How is the novel coronavirus reshaping your work and church life?

EVH: For us, work and church life are the same thing. Pastoral care is limited to phone calls and emails. Meetings are happening via Zoom, and worship is too. It’s a pretty steep learning curve for me to adapt to more time on camera and interacting with screens. Yet key things in work and church life haven’t changed—prayer, Scripture study, and prayerful sermon and worship preparation.

All of this is now happening from our home instead of church. Study happens in an office in the basement, often referred to as “the cave,” and at the kitchen table. Last week, we led worship from the living room and recorded the sermon in the only quiet corner that could be found. On Friday or Saturday, we post the Sunday sermon on our church Facebook page. We post the liturgy on our church website.

LC: I now teach online and also call students personally so we can pray together. About 40 percent of our Rehoboth Christian School students have unreliable Wi-Fi, though even on reservations most have good phone access. One parent owns a trading post, but the teen helps manage the store twelve hours a day because of the threat of the mom contracting COVID-19. Another student takes care of siblings and cousins while parents work. We created a depository of each week’s lessons for all the high school courses. Our tech manager and volunteers put this all on USB drives and drive them out to people’s homes or to pick-up locations on the reservation. The school is very intentional about helping its students and families navigate the storm of this crisis in Jesus’ name.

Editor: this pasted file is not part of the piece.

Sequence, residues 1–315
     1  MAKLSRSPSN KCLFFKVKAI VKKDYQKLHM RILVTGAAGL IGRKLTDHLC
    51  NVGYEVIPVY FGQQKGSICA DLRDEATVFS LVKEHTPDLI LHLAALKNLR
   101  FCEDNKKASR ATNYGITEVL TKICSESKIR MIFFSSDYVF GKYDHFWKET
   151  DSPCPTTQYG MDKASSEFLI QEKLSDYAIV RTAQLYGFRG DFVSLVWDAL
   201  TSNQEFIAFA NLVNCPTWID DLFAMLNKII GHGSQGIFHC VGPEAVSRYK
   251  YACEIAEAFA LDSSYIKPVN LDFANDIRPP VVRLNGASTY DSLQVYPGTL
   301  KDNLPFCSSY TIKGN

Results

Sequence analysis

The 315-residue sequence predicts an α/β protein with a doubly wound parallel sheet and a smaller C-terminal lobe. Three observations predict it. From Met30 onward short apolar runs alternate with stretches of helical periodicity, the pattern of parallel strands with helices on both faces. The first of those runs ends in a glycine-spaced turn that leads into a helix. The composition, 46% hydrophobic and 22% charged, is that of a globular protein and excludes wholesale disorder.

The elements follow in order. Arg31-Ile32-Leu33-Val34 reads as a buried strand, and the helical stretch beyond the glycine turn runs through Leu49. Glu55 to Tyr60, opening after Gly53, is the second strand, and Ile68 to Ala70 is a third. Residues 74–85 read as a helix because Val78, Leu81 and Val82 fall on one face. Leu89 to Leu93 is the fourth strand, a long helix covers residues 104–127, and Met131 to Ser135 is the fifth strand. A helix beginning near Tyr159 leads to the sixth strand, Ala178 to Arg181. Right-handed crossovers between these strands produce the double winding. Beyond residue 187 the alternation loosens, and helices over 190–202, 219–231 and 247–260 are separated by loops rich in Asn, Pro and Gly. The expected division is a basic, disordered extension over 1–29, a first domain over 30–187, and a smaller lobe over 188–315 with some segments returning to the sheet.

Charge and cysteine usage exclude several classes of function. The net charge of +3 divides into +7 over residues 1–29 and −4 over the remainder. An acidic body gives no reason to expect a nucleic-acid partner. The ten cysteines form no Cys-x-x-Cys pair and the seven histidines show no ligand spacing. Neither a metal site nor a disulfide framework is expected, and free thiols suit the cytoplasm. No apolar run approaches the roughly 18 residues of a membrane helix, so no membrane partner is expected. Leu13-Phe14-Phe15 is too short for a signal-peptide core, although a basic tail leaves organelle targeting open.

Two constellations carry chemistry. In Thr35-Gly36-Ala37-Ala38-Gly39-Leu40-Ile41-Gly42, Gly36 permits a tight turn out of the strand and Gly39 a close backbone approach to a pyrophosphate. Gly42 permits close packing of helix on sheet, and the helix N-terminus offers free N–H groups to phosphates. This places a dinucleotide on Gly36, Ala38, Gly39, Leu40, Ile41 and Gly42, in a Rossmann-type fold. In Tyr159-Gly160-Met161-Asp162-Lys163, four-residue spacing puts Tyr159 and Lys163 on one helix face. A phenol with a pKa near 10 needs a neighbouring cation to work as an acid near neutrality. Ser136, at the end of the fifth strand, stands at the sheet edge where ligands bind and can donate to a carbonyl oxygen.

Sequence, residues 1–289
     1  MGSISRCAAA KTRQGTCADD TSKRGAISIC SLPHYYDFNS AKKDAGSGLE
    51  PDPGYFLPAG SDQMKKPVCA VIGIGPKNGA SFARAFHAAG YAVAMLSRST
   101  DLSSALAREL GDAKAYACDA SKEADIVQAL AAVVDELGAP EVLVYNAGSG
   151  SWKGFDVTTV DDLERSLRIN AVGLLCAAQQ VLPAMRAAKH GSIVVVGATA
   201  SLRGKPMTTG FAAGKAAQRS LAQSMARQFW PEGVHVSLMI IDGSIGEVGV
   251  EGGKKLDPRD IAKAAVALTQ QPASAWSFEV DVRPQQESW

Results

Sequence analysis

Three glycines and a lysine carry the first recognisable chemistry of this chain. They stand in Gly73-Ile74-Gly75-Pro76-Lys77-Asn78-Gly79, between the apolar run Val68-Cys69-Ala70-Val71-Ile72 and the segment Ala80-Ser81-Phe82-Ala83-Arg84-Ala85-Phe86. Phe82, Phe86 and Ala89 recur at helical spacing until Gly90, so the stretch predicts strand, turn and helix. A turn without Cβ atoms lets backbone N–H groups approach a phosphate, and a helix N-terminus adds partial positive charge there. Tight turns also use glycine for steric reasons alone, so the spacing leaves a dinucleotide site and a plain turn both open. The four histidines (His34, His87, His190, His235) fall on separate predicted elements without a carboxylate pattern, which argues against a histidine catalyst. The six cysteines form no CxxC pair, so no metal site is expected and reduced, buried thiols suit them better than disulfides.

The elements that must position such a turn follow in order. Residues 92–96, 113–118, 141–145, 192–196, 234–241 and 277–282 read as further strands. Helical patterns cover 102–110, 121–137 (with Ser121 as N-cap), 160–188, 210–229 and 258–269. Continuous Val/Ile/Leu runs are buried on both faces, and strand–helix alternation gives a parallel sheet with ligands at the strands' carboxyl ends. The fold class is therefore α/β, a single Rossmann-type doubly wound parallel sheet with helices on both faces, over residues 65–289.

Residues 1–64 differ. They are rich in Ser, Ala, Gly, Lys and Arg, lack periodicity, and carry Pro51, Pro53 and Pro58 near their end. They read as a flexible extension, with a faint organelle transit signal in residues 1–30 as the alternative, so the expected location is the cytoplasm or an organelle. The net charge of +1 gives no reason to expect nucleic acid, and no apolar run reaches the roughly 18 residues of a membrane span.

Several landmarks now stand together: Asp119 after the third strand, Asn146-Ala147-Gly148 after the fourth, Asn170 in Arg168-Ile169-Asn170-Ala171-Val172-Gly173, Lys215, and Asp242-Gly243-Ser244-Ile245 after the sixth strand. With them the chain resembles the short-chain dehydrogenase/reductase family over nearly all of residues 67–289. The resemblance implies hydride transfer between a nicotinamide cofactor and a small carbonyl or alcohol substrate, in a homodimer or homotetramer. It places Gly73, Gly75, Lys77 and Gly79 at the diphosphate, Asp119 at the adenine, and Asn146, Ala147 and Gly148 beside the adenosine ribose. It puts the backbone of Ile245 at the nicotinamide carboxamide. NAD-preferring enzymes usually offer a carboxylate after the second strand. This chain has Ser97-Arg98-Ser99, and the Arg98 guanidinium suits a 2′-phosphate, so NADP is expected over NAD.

Our Classis Red Mesa Leadership Development Network (LDN) usually meets two Saturdays a month, so we’re trying to figure out how to handle the five-people-or-less situation. Perhaps people can drive in to (an internet hotspot) Zoom sites in Shiprock or Farmington while maintaining social distancing.

And how does Rehoboth CRC’s current pattern of Sunday worship affect your family?